I always enjoy reading Kent Beck’s books. In a way, they remind me of a poster my mom has hanging in her house: All I Really Need to Know I Learned in Kindergarten. With the frenzied pace of change in software development, it’s easy to forget about the basics. A good remedy for that is to sit down and read one of Beck’s books.
Recently, I read Implementation Patterns, and while I enjoyed Smalltalk Best Practice Patterns more, I still got something out of the book (despite being neither a Java nor a Smalltalk developer). As with XP, Beck explains his programming practices in terms of values and principles. I always appreciated that, in Extreme Programming Explained (both editions), he not only described his values, but laid out concrete practices that embodied those values. In Implementation Patterns, he takes a similar approach, claiming the three values of Communication, Simplicity, and Flexibility are what inspire his programming practices.
He describes them as listed in priority order. Where they clash, which is rare, it is better to be communicative than overly simple. And simplicity trumps flexibility. Too much terrible software is written under the presupposition that it must be flexible.
What Beck did not write about were values that run counter-productive to quality code. I tried coming up some as an exercise – those that I’ve witnessed in myself and others. I was able to come up with the following:
I’ve worked with one developer who held on to code he had written so tightly that, even after we had instituted a code-sharing policy, it took an enormous amount of effort to loosen his grip. We’d go and refactor his code, and he’d come in after us and refactor it back. We’d add functionality to his code, and he’d come in after us and change it.
There were certain very odd aspects of his behavior:
- His code was really bad, so it was strange that he resisted outside help so much
- Even after we started rotating coding tasks to get people involved in parts of the code they had previously not touched, he showed little interest in actually doing any of those tasks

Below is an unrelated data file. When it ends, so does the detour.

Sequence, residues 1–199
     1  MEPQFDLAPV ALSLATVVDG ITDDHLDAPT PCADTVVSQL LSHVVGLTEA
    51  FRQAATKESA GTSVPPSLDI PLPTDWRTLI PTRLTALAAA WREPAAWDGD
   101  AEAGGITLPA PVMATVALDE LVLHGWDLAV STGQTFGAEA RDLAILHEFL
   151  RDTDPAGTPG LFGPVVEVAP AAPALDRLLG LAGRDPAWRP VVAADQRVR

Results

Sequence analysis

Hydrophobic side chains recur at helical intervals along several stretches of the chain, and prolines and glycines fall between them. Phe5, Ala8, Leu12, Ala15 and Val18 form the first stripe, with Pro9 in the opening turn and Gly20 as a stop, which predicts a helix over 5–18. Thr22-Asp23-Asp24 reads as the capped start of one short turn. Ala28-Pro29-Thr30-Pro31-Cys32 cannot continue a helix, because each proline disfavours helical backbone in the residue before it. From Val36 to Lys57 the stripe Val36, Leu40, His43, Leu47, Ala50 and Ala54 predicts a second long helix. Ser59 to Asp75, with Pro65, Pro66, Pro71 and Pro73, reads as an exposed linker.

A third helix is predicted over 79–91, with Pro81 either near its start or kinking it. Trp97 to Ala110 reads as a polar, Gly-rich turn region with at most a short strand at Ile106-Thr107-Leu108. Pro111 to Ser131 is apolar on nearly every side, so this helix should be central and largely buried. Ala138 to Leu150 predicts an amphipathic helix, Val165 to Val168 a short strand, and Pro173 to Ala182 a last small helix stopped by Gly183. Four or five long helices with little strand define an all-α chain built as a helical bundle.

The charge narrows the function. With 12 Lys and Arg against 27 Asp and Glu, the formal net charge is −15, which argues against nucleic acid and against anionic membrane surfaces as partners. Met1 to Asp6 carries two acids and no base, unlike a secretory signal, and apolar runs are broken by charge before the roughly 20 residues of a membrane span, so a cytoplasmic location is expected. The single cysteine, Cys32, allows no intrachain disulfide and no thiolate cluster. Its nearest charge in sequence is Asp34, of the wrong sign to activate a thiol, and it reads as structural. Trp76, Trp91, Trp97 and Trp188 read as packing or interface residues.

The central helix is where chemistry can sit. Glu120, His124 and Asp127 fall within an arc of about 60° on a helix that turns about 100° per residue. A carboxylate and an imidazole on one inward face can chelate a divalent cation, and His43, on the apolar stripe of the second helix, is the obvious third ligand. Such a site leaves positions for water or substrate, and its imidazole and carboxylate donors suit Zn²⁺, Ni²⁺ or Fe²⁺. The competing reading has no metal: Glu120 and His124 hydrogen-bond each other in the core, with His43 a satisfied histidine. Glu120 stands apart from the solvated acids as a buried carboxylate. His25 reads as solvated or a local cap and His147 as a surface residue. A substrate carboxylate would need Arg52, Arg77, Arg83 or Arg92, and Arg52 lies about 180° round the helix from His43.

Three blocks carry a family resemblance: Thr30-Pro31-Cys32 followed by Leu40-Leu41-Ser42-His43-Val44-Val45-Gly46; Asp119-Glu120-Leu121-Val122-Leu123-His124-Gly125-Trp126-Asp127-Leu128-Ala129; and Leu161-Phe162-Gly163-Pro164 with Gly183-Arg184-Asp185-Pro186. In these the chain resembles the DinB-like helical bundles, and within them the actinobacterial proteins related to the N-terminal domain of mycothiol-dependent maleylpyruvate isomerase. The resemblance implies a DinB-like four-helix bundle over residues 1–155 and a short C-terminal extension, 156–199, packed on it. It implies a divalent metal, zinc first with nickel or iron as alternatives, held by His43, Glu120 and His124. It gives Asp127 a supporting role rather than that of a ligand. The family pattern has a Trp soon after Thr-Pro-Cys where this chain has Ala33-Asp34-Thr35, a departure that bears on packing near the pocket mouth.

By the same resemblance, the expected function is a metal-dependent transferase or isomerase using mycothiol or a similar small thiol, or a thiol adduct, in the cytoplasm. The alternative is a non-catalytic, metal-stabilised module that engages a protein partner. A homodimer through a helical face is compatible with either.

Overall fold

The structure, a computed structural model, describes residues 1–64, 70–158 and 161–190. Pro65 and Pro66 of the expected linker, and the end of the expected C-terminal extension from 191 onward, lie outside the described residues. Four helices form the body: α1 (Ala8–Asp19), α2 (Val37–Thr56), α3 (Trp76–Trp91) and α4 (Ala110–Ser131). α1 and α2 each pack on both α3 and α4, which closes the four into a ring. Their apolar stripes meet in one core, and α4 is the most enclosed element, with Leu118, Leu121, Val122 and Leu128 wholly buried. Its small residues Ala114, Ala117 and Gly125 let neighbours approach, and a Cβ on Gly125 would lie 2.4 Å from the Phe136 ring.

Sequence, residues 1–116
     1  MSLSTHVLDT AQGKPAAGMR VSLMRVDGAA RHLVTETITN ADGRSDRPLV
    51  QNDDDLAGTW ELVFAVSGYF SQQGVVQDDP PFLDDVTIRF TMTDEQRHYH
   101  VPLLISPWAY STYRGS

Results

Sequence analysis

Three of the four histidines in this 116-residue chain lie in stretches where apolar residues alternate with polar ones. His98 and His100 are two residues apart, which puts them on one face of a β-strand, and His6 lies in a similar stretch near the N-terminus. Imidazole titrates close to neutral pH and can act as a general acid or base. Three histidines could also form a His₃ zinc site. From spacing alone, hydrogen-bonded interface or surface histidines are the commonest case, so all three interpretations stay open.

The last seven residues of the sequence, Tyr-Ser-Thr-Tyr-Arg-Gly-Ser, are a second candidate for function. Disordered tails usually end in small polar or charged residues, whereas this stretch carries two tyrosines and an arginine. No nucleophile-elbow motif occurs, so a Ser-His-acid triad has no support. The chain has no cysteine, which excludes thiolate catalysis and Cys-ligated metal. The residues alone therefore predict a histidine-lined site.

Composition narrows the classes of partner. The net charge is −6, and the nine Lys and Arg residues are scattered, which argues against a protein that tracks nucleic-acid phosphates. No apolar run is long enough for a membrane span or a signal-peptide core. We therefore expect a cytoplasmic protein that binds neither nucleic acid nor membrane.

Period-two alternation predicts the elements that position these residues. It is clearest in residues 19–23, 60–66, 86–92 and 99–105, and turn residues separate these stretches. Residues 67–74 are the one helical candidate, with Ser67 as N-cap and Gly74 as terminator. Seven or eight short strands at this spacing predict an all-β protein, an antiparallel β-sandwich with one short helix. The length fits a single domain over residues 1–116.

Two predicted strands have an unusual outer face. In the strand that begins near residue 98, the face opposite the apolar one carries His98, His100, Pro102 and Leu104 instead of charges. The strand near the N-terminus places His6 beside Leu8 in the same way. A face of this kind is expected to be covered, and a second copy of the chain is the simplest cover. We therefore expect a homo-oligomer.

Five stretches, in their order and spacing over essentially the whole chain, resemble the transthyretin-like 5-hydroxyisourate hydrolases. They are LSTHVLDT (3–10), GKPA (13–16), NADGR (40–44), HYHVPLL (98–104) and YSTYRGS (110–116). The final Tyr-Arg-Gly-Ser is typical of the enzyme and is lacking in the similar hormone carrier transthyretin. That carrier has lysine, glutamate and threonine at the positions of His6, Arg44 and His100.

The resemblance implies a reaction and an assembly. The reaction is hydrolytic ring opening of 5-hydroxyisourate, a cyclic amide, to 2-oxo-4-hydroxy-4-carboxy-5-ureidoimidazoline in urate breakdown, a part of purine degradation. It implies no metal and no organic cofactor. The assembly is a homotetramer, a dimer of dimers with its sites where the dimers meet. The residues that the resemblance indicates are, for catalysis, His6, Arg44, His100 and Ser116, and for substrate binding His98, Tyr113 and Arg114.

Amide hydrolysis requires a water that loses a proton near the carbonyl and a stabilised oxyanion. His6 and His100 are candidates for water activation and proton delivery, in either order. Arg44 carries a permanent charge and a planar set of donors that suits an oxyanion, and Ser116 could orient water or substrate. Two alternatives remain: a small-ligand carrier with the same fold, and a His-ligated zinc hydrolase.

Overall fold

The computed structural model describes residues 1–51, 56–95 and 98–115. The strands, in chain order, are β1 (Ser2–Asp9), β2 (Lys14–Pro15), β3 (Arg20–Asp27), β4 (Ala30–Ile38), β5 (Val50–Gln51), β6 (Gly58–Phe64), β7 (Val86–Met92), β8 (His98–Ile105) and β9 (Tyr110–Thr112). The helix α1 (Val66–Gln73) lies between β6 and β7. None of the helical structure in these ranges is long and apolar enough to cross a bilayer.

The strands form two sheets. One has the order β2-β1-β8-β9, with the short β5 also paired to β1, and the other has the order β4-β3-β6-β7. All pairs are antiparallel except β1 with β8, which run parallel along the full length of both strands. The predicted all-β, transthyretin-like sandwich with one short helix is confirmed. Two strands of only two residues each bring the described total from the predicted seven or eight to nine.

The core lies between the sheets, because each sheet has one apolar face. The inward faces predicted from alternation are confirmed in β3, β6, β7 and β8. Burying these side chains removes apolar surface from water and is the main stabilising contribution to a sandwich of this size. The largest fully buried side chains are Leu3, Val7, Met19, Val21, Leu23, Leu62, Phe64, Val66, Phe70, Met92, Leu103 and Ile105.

- He didn’t care to hear any suggestions about how to improve the system where it involved changing “his” code, because, as he like to say, “it’s complicated.”
His behavior ultimately got him fired, but not before he had time to leave a legacy of terrible code that others now struggle to maintain. In his defense, his sense of ownership exhibited a high degree of pride and aesthetics. Unfortunately, his sense of aesthetics was also quite poor, and his refusal to allow feedback meant that it’s unlikely improved much today.
I’ve found myself guilty of this sin a few too many times. Cleverness often manifests itself in extraordinarily terse code, using some backdoor of the language. It’s become passé these days to show off clever Ruby code, as it once was in Perl, but overly clever solutions can be found in all languages.
A related value is Knowledge, or the verisimilitude thereof. Often I find myself (or others) eager to show off that they know obscure parts of a language and use them for some temporary benefit. Knowledge-Show-Offs are easy to spot: look for phrases like “verisimilitude thereof.”
Both Ownership and Cleverness run counter to Beck’s primary value of Communication.
How often have you seen C code in Java? Or Java code in Ruby? We are creatures of habit, and it often takes a conscious effort to break out of your comfort zone. Too often, we hold on to old ideas because they’re comfortable ideas, and label new ideas as “passing fads,” a particularly common slur in our industry.
Why is it so hard to make unit testing mainstream? Why don’t more people pair program? Both practices remove people from their comfort zone, and require learning a new way of programming.
Note that none of these values are bad in the general sense. I’d like to feel a sense of ownership about my work, to be clever, and to feel comfortable. But values collide, and we need to understand that certain values are more applicable in certain aspects of our lives than others.